“Eating In with Lynne Rossetto Kasper,” by Lynne Rossetto Kasper (American Public Media, 2013) is one of the best cookbooks I’ve seen that is designed specifically to take advantage of the bells and whistles the Internet has to offer.  It’s set up for reading on your laptop,  iPad or Kindle with links to sources for ingredients and episodes of Kaspar’s podcasts.  Of course, you’ll need wifi or a cell phone connection to use them all, but it will stand on its own, too, if you’re out in the boondocks this summer.

Kasper, host of  “The Splendid Table” food and cooking talk show on National Public Radio, is releasing installments of this book quarterly at the bargain price of $3.95.  This, her second offering, revolves around a summer grilling party.  Written in the chatty, we’re-all-in-this-together voice that’s made her radio show such a hit, these little books are filled with helpful tips and techniques as well as beautiful photographs.

The centerpiece of this installment is a cut of meat Kaspar calls, the Bargain Steak Nobody Knows About.  It’s the large, vaguely triangular piece of meat at the top of a boneless chuck pot roast.  Kasper trims it away from the tougher segments of the roast, marinates it in a red wine sauce, and then grills it slowly over low heat.  The results were truly impressive.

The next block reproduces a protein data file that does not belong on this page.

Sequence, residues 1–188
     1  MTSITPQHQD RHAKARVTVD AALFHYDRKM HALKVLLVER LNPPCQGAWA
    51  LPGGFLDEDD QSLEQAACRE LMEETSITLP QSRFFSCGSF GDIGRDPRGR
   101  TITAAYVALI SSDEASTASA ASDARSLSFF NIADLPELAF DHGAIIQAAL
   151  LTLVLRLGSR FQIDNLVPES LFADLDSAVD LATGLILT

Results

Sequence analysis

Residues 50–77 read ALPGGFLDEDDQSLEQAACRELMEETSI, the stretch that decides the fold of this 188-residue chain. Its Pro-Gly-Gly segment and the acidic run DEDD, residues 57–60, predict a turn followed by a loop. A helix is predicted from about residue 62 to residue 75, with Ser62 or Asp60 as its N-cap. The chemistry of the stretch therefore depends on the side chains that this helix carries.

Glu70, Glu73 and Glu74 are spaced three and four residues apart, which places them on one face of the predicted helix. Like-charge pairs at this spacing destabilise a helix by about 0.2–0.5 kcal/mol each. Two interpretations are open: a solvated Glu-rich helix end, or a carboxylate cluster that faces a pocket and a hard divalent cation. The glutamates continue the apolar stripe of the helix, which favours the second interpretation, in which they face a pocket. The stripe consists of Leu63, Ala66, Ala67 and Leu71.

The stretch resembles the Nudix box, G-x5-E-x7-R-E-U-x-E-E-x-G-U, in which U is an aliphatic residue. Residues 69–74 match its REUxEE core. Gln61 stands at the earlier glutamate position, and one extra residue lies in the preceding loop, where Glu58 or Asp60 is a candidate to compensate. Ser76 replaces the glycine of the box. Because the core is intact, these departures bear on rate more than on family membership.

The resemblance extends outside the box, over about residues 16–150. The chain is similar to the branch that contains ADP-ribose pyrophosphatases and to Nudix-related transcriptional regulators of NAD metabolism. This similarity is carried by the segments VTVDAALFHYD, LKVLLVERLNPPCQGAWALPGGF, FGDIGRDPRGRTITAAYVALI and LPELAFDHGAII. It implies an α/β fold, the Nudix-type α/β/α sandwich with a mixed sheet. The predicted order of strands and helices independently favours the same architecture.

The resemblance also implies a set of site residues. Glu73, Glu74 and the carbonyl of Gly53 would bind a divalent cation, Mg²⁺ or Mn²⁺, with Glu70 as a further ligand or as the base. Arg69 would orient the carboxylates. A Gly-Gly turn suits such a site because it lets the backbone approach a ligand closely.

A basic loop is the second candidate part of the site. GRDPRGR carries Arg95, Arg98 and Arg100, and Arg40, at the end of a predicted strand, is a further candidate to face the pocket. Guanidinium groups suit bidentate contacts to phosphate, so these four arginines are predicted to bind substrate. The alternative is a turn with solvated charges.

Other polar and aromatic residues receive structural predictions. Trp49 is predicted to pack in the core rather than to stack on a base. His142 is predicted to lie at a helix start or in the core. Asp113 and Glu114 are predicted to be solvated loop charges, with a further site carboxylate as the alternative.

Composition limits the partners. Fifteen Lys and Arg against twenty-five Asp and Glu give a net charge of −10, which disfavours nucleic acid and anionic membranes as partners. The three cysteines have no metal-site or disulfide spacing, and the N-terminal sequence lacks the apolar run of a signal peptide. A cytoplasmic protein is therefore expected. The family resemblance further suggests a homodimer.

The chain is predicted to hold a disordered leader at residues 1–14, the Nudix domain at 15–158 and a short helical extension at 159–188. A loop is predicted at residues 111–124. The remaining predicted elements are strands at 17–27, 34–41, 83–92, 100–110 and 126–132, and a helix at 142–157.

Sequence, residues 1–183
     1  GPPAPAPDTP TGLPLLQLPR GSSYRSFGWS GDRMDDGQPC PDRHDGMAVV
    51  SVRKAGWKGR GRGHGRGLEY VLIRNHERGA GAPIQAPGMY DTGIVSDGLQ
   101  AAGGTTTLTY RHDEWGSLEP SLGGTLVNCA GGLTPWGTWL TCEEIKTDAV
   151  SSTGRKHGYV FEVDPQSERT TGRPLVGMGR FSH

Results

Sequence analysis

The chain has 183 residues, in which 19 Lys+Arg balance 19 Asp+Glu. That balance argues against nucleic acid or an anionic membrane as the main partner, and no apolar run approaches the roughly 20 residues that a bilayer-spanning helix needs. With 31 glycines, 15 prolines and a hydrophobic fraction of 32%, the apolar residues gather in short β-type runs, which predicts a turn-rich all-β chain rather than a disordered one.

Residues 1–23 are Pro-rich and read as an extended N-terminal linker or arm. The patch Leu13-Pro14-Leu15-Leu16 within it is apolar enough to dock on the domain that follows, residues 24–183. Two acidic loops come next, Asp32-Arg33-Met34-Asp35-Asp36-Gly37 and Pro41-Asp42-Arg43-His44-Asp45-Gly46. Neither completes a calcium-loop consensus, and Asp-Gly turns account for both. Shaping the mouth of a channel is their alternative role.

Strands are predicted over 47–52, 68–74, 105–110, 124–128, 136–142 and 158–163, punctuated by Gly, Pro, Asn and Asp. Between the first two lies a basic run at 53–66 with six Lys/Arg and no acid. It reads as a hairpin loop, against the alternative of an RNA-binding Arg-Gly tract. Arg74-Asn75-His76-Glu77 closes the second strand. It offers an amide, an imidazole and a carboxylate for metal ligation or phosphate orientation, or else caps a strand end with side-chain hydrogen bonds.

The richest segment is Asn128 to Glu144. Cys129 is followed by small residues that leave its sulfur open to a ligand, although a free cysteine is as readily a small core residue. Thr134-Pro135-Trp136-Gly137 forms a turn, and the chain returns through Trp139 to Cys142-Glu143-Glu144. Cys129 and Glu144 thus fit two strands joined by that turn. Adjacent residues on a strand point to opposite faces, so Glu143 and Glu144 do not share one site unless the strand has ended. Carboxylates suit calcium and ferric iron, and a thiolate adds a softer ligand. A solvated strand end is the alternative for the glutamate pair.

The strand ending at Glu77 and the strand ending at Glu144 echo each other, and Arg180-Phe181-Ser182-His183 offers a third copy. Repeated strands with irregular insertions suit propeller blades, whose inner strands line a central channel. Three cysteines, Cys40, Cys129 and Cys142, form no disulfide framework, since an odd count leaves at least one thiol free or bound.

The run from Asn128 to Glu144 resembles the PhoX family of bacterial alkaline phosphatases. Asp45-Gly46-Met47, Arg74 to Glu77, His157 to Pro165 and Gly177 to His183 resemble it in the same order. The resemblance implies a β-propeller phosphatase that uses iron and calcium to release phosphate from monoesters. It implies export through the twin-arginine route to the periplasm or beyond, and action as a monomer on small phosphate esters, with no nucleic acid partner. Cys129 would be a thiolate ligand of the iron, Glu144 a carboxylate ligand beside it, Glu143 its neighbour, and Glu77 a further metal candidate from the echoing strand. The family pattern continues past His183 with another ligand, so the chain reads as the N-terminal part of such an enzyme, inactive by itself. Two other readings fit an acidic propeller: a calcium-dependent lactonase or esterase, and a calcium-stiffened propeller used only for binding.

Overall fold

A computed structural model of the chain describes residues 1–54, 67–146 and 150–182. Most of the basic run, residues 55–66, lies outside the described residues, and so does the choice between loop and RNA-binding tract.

We don’t eat much steak, in part because the good cuts are so expensive they practically require a bank loan to buy. This cut makes good more less of an investment.

The green herb salsa Kasper suggests to go with her secret cut of beef is an inspired combination of parsley, basil, mint and oregano whirled in the food processor with scallions, capers and – believe it or not – the tiny pickles the French call cornichons.

This salsa would be a good accompaniment to fish, pork, chicken or shrimp. Kasper suggests using it on pasta or pizza.  I would be happy to just eat it with a spoon.

Makes about 2 1/2 cups sauce3 large cloves garlic, peeled, crushed and coarsely chopped
3/4 cup good extra virgin olive oil
18 scallions, coarsely chopped
1 1/2 cups Italian parsley leaves, tightly packed
3/4 cup fresh basil leaves, tightly packed
1 cup fresh spearmint leaves, tightly packed
1 tablespoon fresh oregano leaves, tightly packed
1 tablespoon capers, rinsed and drained
18 cornichons
3 tablespoons red wine vinegar
Salt and freshly ground black pepper to taste

Warm garlic and olive oil together in a microwave safe bowl, covered with a paper towel, in the microwave for 1 minute.  Or simmer briefly in a small saucepan on the stove.  Set aside to cool.

With the food processor running, pour the cooled oil and garlic through the feed tube and mince for a couple of seconds.  Stop the machine and add the herbs, capers, cornichons and vinegar with 1/4 teaspoon salt and a generous dusting of freshly ground pepper. Pulse just until herbs are chopped into 1/4-inch pieces.

Adjust seasonings to taste and transfer salsa to a serving bowl.  Lightly cover and set aside for a few hours at room temperature to let the flavors develop.

May be stored in the refrigerator for a couple of days for future use.  Be sure and cover with plastic wrap pressed onto the surface of the salsa in order to keep the herbs from turning brown.

Adapted from “Eating In With Lynne Rossetto Kasper”